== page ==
Sticky Situation #2: An Anonymous Parent Complaint

I teach fifth grade at a private school. A parent called my principal with complaints about my classroom demeanor. I was never told who the parent was—although the principal let out that it was not a parent of a child in my class. The principal seemed to take this parent’s word as gold, when I receive plenty of glowing reviews from the families of my actual students. What do I do?

“I think the best way to have the principal see ‘the light’ is to lead with a good example at school,” suggested one Texas school leader. “Teachers sometimes don’t share the great things going on with their students outside their classroom walls.” Big picture: Get the word out! Send home newsletters, share photos and display work. Find ways to showcase your students in the larger school community. The more everyone knows about the good things going on in your classroom, the more likely it is that your principal will take the occasional criticism of your work with a grain of salt.

At the same time, do your best to move quickly past this incident. Try to understand your bosses’ perspective. As a principal, it is difficult to ignore parent complaints. Humbly accept correction in any areas where you might need to grow and gently set the record straight on untruths. Over time, your good press will outweigh a little criticism here and there.

Sticky Situation 3: A Request to Retest

In my last evaluation meeting, my principal and I were reviewing my students’ DIBEL scores, which have improved since the beginning of the year but aren’t up to grade level. She reminded me that I was working in a “Blue Ribbon School” and told me I needed to “correct the scores.” I assured her that other assessments indicated that students had indeed, made great progress, and that the DIBELS scores would be only part of the bigger picture. My principal then made it clear I need to go back and retest my students, making sure to “mark the correct answers.” Help!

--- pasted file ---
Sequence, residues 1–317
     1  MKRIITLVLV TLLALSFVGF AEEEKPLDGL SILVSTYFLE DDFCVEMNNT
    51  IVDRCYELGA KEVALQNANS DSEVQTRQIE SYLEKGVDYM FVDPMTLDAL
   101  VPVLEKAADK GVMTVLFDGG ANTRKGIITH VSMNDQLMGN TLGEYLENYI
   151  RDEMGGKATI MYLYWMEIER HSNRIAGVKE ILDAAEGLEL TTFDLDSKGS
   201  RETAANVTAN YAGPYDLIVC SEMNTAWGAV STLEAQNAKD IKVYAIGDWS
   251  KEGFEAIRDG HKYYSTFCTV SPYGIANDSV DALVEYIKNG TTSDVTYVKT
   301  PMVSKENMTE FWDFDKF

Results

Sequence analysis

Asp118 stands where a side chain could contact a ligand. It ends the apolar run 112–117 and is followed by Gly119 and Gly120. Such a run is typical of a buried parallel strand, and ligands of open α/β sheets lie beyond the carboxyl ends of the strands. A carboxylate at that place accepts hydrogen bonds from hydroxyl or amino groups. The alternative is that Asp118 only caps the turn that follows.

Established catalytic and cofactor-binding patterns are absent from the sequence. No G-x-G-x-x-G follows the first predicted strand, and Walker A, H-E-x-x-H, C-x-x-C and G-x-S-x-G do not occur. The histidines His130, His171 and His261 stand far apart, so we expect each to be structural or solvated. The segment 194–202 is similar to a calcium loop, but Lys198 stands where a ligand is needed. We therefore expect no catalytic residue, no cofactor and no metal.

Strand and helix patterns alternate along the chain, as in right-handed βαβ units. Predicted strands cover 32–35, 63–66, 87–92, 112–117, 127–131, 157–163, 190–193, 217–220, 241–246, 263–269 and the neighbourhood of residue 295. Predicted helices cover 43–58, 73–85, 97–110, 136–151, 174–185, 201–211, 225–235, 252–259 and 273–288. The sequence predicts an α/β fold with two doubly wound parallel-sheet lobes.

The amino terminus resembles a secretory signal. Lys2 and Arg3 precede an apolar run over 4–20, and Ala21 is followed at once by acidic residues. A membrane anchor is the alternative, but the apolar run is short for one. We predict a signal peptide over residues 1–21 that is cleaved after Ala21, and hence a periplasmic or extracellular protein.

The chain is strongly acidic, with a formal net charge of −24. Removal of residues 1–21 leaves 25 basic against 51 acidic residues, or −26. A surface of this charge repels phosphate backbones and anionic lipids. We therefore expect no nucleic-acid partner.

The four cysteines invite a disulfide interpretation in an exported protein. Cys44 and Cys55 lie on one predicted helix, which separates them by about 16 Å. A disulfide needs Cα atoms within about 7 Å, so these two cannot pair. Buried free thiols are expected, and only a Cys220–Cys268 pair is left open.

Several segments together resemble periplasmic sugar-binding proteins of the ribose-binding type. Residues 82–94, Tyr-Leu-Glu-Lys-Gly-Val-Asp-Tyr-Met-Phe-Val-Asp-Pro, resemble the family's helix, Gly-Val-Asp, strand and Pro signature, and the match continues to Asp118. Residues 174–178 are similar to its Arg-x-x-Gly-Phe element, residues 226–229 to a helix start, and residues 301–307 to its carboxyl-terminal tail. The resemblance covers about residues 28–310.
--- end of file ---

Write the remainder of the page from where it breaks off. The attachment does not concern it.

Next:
One of the school leaders on our panel put it quite bluntly: “You do what is right. Always. Never compromise your integrity, even if it costs you your job. You do not want to be working for an unethical principal anyway.”

Educators are sometimes put in situations in which they are asked to change grades or scores.  Giving in on this point can only end badly.  Several educators suggested first researching the testing requirements and then engaging the principal in a direct conversation. Calmly ask her for clarification. “Are you saying you want me to forge the children’s scores?” Sometimes administrators get tunnel vision and lose sight of the best interests of kids and teachers because of outside pressure. They might just need that reminder.

Do you agree with our panel’s advice? Share your recommendations and “sticky situations” you’ve faced in the comments! 

Looking for more teaching advice? Check out our Professional Teacher page for help.